Former farm minister Takamori Yoshikawa said Monday he will step down as a lawmaker after allegedly receiving a total of ¥5 million from an egg production company in western Japan. Yoshikawa, who served as a Cabinet minister under Suga’s predecessor, Shinzo Abe, said through his office that he has been hospitalized and cited health reasons for his resignation.
The exit of Yoshikawa, a Lower House member from the ruling Liberal Democratic Party, will come as a blow to Suga’s government, whose support ratings have been plunging over its handling of the coronavirus pandemic.
It also comes as opposition parties are demanding Abe appear in the Diet to address allegations that his camp illegally used political funds to pay for dinner parties. Sources earlier appeared to suggest the LDP might comply, but Hiroshi Moriyama, parliamentary affairs chief of the LDP, said Sunday that “The issue is not suitable at all for sworn testimony. I also wonder if it is fair for him to speak at the budget committees,” referring to Abe.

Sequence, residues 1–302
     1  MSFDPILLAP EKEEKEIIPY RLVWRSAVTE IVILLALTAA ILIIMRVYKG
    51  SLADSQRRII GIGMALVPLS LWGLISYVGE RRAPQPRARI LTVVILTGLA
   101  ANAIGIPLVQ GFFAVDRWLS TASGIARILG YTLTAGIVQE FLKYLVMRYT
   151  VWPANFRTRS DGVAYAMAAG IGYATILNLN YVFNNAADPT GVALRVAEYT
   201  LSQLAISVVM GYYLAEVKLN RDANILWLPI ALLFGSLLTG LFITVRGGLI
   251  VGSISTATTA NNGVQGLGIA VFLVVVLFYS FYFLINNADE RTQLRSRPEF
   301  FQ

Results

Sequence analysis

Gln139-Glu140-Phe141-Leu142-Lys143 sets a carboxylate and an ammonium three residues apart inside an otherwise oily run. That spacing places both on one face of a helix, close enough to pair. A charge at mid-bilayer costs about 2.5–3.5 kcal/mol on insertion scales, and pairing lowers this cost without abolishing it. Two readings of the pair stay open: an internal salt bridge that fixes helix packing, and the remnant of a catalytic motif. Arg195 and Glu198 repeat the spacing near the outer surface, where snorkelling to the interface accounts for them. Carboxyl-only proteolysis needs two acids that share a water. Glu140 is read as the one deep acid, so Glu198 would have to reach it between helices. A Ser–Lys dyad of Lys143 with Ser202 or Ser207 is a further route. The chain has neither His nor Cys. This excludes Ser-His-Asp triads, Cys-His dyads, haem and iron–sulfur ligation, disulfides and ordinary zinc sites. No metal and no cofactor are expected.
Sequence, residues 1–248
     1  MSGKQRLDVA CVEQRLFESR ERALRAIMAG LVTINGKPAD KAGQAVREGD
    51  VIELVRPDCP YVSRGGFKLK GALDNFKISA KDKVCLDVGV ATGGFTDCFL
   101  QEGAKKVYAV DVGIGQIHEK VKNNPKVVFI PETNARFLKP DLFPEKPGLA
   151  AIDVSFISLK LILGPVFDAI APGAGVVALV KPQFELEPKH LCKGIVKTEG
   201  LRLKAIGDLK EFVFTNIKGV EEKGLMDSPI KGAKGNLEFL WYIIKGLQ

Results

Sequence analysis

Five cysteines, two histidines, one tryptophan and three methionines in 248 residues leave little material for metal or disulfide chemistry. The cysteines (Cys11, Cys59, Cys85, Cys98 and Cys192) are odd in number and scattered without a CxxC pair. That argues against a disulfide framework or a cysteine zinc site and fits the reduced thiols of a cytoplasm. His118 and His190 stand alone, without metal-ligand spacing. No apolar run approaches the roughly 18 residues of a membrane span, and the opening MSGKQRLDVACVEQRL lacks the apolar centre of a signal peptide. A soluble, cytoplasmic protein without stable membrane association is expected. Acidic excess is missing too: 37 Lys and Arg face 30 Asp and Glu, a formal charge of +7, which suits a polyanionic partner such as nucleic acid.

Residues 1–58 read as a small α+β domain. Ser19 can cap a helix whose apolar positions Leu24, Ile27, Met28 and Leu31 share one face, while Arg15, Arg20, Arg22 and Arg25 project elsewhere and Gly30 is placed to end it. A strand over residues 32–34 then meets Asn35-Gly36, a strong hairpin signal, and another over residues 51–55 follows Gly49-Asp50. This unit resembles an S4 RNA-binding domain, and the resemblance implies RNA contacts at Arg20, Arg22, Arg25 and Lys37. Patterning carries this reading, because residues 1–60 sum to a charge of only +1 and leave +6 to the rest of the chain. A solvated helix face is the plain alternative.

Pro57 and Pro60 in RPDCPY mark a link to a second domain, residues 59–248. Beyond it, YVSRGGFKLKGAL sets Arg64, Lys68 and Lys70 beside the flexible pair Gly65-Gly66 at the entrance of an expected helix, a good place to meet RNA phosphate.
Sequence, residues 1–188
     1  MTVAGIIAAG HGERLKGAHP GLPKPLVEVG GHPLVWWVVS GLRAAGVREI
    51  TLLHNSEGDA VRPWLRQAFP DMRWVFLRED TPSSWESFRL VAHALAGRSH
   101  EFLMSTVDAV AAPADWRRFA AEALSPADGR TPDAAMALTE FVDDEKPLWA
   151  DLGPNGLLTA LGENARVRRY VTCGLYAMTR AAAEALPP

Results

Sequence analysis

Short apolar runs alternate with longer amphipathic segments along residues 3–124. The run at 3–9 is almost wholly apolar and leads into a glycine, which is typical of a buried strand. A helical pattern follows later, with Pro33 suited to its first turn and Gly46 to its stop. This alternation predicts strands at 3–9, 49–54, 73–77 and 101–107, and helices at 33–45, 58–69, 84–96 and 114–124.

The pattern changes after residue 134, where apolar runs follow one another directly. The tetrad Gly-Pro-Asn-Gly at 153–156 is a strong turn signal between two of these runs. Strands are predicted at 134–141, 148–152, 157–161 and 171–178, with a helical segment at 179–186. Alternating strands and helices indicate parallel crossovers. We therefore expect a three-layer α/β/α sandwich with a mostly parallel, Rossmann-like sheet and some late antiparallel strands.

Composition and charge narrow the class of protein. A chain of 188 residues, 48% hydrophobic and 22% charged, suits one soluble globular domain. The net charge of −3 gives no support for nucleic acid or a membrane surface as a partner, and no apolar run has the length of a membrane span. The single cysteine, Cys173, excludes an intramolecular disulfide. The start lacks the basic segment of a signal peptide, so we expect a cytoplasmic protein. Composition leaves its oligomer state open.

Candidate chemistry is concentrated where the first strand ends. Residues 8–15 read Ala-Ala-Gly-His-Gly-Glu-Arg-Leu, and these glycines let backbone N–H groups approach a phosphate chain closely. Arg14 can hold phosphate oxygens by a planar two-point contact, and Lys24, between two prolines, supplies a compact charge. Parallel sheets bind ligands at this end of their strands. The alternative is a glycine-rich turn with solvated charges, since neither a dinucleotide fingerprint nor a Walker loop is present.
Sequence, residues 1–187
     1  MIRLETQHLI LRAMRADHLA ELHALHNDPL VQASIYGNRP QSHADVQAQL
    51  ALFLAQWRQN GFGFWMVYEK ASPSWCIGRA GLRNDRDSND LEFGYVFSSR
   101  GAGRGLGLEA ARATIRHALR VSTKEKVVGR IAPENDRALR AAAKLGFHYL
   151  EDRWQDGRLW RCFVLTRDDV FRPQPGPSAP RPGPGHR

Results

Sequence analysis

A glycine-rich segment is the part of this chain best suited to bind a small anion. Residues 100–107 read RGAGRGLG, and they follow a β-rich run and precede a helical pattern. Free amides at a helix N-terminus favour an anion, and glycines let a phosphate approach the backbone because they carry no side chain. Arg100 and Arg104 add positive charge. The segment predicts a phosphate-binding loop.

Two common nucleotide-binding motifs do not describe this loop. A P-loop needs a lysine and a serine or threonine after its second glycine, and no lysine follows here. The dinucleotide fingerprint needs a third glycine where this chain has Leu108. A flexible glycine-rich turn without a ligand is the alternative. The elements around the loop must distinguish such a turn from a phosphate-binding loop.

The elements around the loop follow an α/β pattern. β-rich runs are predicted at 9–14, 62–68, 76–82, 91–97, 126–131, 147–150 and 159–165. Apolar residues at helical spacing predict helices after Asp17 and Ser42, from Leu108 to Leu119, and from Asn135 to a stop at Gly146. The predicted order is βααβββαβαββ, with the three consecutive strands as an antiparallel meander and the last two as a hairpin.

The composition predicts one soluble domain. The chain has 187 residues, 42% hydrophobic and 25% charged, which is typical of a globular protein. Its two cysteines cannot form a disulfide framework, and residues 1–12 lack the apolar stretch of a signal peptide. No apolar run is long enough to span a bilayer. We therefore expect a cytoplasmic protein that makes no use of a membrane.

Meanwhile, the president of the International Science Council has urged Suga to provide a reasonable explanation for his recent unprecedented decision to reject the appointment of six scholars to the Science Council of Japan.
“It is important that academies and other merit-based scientific bodies be free to determine their membership and their office-bearers, be free from political or other outside interference in determining their strategies and the scope of their scientific activities,” said Daya Reddy.
It’s been a roller-coaster year for Japanese politics, what with the pandemic and a change of PM, and that ride looks set to continue into 2021, writes Michael MacArthur Bosack. Suga’s power atop the government is not assured, and with some significant elections scheduled, domestic politics could once again shake things up at the top. Bosack — a listicle man through and through — previews five key events and issues to watch out for in the coming political year. Buckle up.